The particular in which the evidence fails to fully support the allegations of the answer relates to the transmission averred to have been made to the complainant of the account of the sales had, showing the prices obtained and the names of the purchasers. But in this particular we think the answer is so far responsive to the averments of the bill that it must be taken as evidence on behalf of the defendant. And there is much in the testimony, and the circumstances attending the sale, which leads of the conclusion that the complainant was informed of the prices received. He was deeply interested in the sale; he had notice of the time and place at which it was to be made; and it had been postponed on several occasions at his request. It is hardly credible that he did not ascertain the prices which the bonds brought when the sale was made. It is not a reasonable inference that he lost all interest in the result when he was unable to obtain a further postponement of the sale. And if he ascertained the prices, it is highly probable that he ascertained the names of the purchasers also.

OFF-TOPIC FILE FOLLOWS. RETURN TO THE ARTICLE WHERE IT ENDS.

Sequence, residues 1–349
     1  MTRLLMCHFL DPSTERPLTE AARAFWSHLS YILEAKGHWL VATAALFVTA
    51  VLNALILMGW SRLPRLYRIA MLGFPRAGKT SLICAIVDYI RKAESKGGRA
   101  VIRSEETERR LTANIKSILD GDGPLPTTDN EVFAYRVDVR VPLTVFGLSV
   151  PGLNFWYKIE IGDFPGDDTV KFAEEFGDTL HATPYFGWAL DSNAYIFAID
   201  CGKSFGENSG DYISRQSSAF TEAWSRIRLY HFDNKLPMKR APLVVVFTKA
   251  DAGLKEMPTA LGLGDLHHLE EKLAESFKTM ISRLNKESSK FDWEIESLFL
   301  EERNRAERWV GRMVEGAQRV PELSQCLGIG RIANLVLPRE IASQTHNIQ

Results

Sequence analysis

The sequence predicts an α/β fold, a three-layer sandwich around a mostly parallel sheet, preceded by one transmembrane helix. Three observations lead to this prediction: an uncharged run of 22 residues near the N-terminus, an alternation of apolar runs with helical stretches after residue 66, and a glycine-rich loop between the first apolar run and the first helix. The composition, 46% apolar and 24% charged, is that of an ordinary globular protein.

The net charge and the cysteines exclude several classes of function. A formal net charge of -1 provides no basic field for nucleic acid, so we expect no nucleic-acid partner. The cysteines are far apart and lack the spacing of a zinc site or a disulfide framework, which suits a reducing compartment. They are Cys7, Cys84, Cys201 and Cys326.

The sale of the bonds was made in June, 1857, and it was not until January, 1869, nearly twelve years afterwards, that the complainant asserted any claim to the bonds, or any claim that the defendant was accountable to him for any neglect of duty or misconduct in relation to them. The question, therefore, is, whether the complainant under these circumstances, after this long acquiescence in the acts of the defendant, with knowledge of the transaction, can call upon him to account for the present value of the bonds purchased by him. Most undoubtedly that sale was voidable. The character of vendor and that of purchaser cannot be held by the same person. They impose different obligations. Their union in the same person would at once raise a conflict between interest and duty, and, constituted as humanity is, in the majority of cases duty would be overborne in the struggle. The law, therefore, wisely prohibits a party selling on another's account from becoming a buyer on his own at the sale, and will always condemn transactions of that character whenever their enforcement is attempted. The complainant could have treated the purchase made by the defendant as a nullity. He could have insisted that the relation of the defendant to the property was not changed by the proceeding, and that he stood charged with the same trust respecting it with which he was charged previously. And were there nothing more in the case than the fact of the sale and purchase, the complainant would be entitled to call the defendant to account for the full value of the bonds. But unfortunately for him there is more in the case. He has adopted and approved of the transaction. His declaration to the defendant at Augusta the year following the sale is evidence tending to that effect, and considered in connection with his long acquiescence in the transaction, must be deemed conclusive. Had he at once denied the validity of the transaction, or by any declaration or proceeding indicated dissatisfaction with it, or even refrained from expressions of approval, he would have stood in a court of equity in a very different position. There is no doubt that the prices bid at the sale were all that the bonds were then worth, and there is no reason for imputing intentional fraud to the defendant. Under these circumstances he may very well have been justified in assuming, and in acting upon the assumption, that the complainant was satisfied with his proceedings. The fact that the complainant never felt himself aggrieved until the bonds of the company had risen to their par value, which only occurred after this court had adjudged, on appeal from the Supreme Court of the State, that the stockholders were personally liable for its debts, leads to the inference that the present suit was prompted more by a spirit of speculation than any sentiment that injustice had been done to him.